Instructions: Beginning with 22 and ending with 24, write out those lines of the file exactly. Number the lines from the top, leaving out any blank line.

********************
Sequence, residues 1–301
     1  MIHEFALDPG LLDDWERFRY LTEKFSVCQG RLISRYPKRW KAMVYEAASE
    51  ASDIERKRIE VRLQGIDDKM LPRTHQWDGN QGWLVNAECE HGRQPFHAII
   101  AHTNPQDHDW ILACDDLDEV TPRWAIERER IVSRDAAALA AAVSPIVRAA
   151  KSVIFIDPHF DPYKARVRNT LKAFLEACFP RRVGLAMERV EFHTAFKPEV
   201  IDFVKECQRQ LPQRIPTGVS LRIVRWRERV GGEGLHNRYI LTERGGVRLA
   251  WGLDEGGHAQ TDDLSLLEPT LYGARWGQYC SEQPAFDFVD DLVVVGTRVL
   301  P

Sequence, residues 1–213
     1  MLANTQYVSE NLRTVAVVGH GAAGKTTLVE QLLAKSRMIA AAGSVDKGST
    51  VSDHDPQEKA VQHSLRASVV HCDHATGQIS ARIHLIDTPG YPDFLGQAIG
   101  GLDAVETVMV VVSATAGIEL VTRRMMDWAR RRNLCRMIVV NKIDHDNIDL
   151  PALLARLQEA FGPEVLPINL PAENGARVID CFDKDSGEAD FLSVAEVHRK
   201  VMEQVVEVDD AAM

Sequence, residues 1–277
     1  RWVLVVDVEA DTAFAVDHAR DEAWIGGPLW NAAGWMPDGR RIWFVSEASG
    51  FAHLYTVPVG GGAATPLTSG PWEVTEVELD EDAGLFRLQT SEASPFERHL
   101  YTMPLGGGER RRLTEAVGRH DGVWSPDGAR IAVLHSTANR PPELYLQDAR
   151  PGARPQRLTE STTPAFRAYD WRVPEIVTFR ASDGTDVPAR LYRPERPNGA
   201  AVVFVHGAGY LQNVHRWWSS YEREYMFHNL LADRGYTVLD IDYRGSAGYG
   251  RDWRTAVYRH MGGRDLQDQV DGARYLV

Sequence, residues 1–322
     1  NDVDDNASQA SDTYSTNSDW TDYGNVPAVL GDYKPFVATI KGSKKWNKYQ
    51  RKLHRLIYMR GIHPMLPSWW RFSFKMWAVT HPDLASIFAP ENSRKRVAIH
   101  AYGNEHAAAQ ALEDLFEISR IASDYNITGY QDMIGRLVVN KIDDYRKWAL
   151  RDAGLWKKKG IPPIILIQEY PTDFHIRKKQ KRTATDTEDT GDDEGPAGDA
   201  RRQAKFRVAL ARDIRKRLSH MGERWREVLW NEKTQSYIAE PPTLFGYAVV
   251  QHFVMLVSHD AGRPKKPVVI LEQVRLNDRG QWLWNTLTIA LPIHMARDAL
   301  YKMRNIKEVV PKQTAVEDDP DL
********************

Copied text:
Sequence, residues 1–322
     1  NDVDDNASQA SDTYSTNSDW TDYGNVPAVL GDYKPFVATI KGSKKWNKYQ
    51  RKLHRLIYMR GIHPMLPSWW RFSFKMWAVT HPDLASIFAP ENSRKRVAIH